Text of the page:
In the early 1960s, Air Force Systems Command began experimenting with side-firing weapons systems for possible use in Vietnam in point defense and night Close Air Support (CAS) roles. In late 1964, the first gunship conversion of a World War II Douglas C-47D was done. The gunship version of the C-47D was initially designated FC-47D (Fighter-Cargo), but was changed to AC (Attack Cargo) primarily because of complaints by traditional fighter pilots. The aircraft had several nicknames: "Spooky", Puff the Magic Dragon", and "Puff".
The AC-47D(S/N 43-48579) was equipped with three SUU-11A 7.62 mm "miniguns" with a 6,000 round per minute rate of fire. The miniguns were mounted in the aft left fuselage, one gun was installed in the aft passenger door area. The other two guns were mounted just forward of the passenger door with the gun barrels pointed out window ports. The AC-47D carried about 16,500 rounds of ammunition on a typical mission.
For night missions, the aircraft carried approximately 48 MK-24 flares. Each flare would last up to three minutes (Mod 3 version) and produced a light of 2 million candlepower. The delivery system was extremely simple, the loadmaster armed and dropped the flare out the cargo door when the pilot signaled by flashing a cargo compartment light.
AC-47 Operations Bulletin #56 - 13 Feb 67 (PACAF)
As employed in Southeast Asia, the flight crew consisted of seven USAF personnel, as well as a Vietnamese observer assigned to aid in the "delta" missions. The aircraft commander (pilot) fired the gun while the copilot performs the normal piloting duties and coordinated the activities of the crew. In the target area the navigator and Vietnamese Air Force observer (8th crewman if assigned) collaborate to accurately pinpoint objectives and coordinate with the ground forces. Two gunners accomplish the preflight, gun loading and in-flight troubleshooting of the SUU-11 guns. The loadmaster arms and manually drops the flares from the rear entrance door upon a light signal from the aircraft commander. A flight mechanic rounds out the crew and is responsible for aircraft systems operation.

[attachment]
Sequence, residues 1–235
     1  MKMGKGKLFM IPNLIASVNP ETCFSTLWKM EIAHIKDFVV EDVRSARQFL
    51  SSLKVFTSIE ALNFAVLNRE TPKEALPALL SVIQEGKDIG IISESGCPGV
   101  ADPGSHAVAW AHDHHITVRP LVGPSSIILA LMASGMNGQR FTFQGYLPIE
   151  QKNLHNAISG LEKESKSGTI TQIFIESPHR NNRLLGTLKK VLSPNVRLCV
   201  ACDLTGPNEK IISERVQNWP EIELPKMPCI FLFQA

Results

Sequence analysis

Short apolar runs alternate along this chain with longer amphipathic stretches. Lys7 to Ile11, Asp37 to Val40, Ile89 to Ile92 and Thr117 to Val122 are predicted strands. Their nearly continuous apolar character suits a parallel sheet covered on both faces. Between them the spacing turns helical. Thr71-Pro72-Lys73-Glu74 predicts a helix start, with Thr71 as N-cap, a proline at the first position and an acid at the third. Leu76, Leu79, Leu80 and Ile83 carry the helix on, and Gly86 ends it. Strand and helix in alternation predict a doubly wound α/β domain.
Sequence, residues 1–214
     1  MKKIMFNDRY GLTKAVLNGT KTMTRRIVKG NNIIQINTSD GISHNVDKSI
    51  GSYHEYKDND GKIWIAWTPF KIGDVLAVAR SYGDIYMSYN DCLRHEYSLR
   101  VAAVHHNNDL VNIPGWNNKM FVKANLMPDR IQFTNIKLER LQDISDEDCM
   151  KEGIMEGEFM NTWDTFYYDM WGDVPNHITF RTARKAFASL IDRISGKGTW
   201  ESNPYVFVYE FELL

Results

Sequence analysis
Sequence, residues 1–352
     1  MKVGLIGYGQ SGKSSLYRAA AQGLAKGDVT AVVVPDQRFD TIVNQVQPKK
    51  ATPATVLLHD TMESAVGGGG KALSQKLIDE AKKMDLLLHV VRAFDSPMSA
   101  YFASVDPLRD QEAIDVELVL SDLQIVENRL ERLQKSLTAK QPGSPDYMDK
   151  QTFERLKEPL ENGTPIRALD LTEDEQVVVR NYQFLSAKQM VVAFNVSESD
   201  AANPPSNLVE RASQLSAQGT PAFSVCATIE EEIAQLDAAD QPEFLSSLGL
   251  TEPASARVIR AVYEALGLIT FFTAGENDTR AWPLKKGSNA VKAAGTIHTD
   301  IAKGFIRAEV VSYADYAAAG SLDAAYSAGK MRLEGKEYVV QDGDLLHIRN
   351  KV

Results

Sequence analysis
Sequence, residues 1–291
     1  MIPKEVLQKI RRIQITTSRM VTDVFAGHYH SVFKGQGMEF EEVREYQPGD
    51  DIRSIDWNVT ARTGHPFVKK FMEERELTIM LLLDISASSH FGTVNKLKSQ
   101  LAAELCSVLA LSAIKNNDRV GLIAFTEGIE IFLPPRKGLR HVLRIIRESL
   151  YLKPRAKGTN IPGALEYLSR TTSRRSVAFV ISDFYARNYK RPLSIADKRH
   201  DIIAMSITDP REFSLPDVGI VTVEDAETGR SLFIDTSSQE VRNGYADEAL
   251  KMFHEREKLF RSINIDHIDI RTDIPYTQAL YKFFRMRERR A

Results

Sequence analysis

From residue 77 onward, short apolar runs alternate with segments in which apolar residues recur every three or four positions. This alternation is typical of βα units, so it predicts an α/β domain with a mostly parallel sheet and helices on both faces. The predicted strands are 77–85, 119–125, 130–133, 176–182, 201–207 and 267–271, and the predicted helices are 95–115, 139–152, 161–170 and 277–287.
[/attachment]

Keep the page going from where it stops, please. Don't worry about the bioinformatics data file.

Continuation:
Initial attack procedures began with the aircraft in straight and level flight, and the target just outside and forward of the left prop dome. Usual altitude is between 2500-3000 feet above ground level (AGL); however, this could be adjusted to allow for such variables as weather, ground fire and target identification difficulties. As the target passed under the engine cowling, the aircraft was rolled into a level 30° bank turn. When the (gun site) pipper came on target, firing was commenced in bursts of 3-7 seconds, as required. When the pipper moved off the target to the rear, the firing was ceased and a slight turn was made away from the target for repositioning and subsequent firing passes. If the pipper moved off the target to the front, the degree of bank was increased to realign on target. Airspeed during the maneuver was normally 120 knots indicated air speed (KIAS). Each minigun fired at a rate of 6000 rounds per minute. This provided a coverage over an elliptical area approximately 52 yards in diameter, placing a projectile within every 2.4 yards during a 3 second burst.
- The basic missions on which the AC-47 was employed were:
- Defense of ground positions (friendly forts and outposts).
- Escort and patrol.
- Pre-planned strikes against suitable targets.
- Forward air controlling for fighter strikes.
The guns were configured for a 12° declination to allow shallower bank angles and more precise aircraft control.